Remembrance Day in the Pacific

On Remembrance Day I encourage Australians to reflect on those who have made the ultimate sacrifice in defence of our nation in the Pacific. The first Australian action and loss of life in the First World War occurred when troops from the Australian Naval and Military Expeditionary Force landed in Rabaul (then in German New Guinea) to search for and destroy German radio stations on 11 September 1914. The six Australians who died were the first of more than 60,000 Australians killed in the Great War.

In 2017 Australia commemorated the 75th anniversaries of the battles of the Coral Sea, Guadalcanal (Solomon Islands), Milne Bay, the Kokoda Track campaign and the Battle of the Beachheads (Papua New Guinea). These actions were turning points in the Pacific war.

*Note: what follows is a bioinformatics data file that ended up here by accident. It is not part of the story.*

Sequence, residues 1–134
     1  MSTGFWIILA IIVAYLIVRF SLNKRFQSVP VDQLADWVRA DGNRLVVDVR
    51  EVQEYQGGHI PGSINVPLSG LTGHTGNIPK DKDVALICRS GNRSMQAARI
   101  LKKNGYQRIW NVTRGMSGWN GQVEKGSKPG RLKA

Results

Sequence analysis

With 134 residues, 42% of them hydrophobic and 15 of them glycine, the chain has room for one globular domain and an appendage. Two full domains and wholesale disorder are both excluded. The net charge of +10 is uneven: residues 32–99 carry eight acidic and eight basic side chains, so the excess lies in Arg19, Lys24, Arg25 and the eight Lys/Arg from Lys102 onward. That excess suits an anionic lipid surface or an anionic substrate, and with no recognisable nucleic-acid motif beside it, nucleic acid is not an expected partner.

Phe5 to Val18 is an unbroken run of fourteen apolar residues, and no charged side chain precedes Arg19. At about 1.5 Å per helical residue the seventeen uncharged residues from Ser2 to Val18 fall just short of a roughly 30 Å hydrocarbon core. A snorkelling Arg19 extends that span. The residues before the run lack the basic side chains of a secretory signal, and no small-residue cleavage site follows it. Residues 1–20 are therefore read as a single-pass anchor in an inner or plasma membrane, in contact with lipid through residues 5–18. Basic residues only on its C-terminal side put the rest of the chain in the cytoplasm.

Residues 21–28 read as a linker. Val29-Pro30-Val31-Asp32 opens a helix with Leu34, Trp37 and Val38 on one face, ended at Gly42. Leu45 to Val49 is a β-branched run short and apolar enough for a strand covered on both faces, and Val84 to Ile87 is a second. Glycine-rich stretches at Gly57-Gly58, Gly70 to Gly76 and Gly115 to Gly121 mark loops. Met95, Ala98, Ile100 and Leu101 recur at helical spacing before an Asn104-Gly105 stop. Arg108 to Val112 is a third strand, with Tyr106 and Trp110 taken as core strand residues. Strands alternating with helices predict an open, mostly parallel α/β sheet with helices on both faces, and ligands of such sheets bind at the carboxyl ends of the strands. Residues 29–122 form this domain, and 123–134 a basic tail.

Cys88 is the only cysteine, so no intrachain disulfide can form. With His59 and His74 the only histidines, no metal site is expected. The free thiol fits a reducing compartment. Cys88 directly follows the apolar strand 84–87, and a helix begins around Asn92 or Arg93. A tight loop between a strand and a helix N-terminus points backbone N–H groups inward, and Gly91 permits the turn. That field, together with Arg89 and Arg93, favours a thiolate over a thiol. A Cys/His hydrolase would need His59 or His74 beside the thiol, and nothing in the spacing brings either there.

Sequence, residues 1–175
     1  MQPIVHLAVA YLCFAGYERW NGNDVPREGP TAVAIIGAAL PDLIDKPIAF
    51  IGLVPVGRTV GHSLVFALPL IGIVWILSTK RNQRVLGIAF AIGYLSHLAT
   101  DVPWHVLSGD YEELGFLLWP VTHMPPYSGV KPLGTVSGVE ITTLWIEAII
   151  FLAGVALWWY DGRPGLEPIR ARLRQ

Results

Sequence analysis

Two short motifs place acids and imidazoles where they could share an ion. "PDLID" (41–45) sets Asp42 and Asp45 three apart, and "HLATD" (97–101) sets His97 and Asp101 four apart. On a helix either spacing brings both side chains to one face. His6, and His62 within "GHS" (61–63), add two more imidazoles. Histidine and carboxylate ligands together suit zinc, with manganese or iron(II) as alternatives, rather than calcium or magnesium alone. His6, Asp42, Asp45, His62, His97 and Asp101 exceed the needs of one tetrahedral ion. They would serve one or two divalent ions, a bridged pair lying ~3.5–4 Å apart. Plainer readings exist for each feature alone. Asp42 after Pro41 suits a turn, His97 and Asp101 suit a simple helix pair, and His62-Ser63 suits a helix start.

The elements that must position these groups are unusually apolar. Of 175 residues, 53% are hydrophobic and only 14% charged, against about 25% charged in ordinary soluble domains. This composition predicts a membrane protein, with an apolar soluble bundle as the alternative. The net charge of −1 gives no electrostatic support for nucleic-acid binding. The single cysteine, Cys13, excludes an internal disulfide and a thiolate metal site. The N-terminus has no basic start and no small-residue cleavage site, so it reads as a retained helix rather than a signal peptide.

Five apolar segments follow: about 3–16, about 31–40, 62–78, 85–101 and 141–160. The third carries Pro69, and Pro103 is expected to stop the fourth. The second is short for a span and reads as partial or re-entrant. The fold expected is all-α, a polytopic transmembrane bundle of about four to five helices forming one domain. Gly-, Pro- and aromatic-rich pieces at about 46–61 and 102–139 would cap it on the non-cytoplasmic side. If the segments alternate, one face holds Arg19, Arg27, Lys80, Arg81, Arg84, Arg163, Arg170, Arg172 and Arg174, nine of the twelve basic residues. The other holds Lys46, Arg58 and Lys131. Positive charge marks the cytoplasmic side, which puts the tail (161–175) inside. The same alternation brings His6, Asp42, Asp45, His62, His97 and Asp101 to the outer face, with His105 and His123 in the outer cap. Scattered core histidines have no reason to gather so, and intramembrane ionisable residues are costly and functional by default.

I was proud to join the recent ceremonies in Guadalcanal. In 1942 Royal Australian Navy ships provided vital support to Allied troops during the liberation of Guadalcanal from Japanese forces. Eighty-four Australians died when the HMAS Canberra suffered critical damage off Savo Island on 9 August 1942.


Last week I visited Kokoda to pay tribute to the courage and sacrifice of Australian and Papuan service personnel who fought to stem the Japanese advance.
The fighting along the Kokoda Track from July 1942 to November 1942 was in some of the most difficult terrain and conditions Australian soldiers have ever fought in. More than 600 Australians were killed and 1,600 were left sick and wounded. The battle of the Beachheads from November 1942 to January 1943 cost more than 1,200 Australian lives. Papuan carriers, the Fuzzy Wuzzy Angels, provided enormous support, including carrying injured soldiers from the battlefield. I encourage everyone to observe a minute’s silence at 11am and to wear a red poppy to honour all Australians who have served and in memory of those who have died or suffered in all wars and armed conflicts.